Use Caution When Surfing Wireless Hotspots
Wireless hotspots are becoming common in airports, coffee shops and hotels. They offer a convenient (and often free) means to access the Internet. But hotspots and home-based Wi-Fi (wireless fidelity) networks can also pose risks.
Wi-Fi threats with colorful names such as "sniffing" and "evil twin" attacks are a real danger. "Sniffing" uses a program that intercepts data to find specific information including passwords and credit card numbers. An "evil twin" attack (also called "WiPhishing") occurs when a hacker uses a computer that mirrors the setting of a Wi-Fi network, but usually offers a stronger signal. The unsuspecting user taps into this "rogue" entry point, which then allows the hijacker to gain access to data that the victim might be sending, including login IDs and online account information.
Step-by-step instructions to fully secure your computer against unauthorized Wi-Fi access are beyond the scope of this Alert, but by taking a few key steps you can avoid the most common pitfalls.
First, follow general best practices for securing any Internet-connected computer:
- Keep your computer up to date with the latest security updates
- Install a firewall and anti-virus software on any laptop or PC with wireless connectivity
- When accessing your personal financial information online, you should have a secure web connection at all times—the web site address should start with "https://" instead of "http://" and you should see a secure symbol such as a closed padlock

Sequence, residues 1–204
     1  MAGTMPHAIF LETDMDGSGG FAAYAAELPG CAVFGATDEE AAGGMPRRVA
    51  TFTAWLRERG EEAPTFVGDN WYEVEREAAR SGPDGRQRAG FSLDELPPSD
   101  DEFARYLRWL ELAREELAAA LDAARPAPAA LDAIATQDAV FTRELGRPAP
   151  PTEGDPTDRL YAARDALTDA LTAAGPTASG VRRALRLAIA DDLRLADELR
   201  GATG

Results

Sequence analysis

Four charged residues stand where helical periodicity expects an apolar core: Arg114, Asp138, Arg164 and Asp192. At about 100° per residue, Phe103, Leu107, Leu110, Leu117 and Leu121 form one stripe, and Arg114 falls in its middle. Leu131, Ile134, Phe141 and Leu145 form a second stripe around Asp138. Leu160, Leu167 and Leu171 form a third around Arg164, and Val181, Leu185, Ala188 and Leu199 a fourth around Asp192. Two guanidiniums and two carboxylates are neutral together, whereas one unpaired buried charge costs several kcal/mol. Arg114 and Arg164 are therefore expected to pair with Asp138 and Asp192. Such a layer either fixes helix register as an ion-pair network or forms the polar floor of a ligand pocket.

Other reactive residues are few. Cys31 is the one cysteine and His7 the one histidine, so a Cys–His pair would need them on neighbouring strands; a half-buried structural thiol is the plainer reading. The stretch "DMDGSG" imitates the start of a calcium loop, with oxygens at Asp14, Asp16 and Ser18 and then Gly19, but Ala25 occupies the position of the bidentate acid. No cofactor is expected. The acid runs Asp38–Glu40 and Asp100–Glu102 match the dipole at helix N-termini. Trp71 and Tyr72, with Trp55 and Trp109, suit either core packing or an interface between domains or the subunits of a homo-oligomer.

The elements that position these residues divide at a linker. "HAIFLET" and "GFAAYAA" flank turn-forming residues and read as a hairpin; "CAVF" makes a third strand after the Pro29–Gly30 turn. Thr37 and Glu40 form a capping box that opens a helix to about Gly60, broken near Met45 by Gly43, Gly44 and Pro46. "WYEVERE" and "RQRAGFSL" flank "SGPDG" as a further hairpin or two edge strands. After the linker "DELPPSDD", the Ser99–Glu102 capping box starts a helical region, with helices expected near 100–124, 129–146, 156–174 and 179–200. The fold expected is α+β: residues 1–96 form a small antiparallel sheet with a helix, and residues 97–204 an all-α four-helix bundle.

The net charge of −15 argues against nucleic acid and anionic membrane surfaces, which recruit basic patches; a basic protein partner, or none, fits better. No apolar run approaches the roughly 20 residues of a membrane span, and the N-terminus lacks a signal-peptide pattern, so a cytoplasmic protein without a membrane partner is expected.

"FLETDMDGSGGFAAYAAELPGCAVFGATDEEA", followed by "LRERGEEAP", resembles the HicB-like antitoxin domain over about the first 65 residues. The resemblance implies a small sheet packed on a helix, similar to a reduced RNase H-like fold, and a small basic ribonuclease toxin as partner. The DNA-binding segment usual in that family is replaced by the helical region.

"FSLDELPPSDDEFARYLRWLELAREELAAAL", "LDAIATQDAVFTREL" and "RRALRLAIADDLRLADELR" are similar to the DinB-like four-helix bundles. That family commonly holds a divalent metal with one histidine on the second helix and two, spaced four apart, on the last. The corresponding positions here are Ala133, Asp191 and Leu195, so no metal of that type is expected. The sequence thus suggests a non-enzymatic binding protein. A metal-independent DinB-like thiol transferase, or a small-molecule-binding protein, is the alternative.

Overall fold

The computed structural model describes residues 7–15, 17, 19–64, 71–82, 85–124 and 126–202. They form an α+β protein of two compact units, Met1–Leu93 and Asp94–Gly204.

- If authorized, use a Virtual Private Network (VPN) which offers protections that standard networks do not
Next, take some special precautions when connecting to a wireless network:
- When in any doubt about the security of a hotspot, don't use it for conducting confidential business
- Shut off wireless connectivity or remove the wireless network card if you leave your computer unattended
- Disable wireless ad hoc mode. This is a setting that allows all wireless devices to find and communicate with other wireless devices within range. Disabling this mode prohibits networks that you didn't create from using your wireless software, and will also prohibit any unknown or rogue connections
- Disable file and printer sharing capabilities when visiting hotspots
Request a Credit Report
It is a good idea to check your credit report at least once a year since it may signal problems ranging from unauthorized transactions to identity theft.
You can obtain a free annual credit report from each of these three credit bureaus online at www.annualcreditreport.com or by calling (877) 322-8228.
Read Account Statements Carefully
Finally, your account statements are the last line of defense. Be sure to review your account information regularly. Many firms allow you to do so online at any time. If there are transactions that look suspicious, report them to your brokerage firm immediately.
Notice to Members 05-49 Safeguarding Confidential Customer Information
Wi-Fi Alliance's Wi-Fi Security page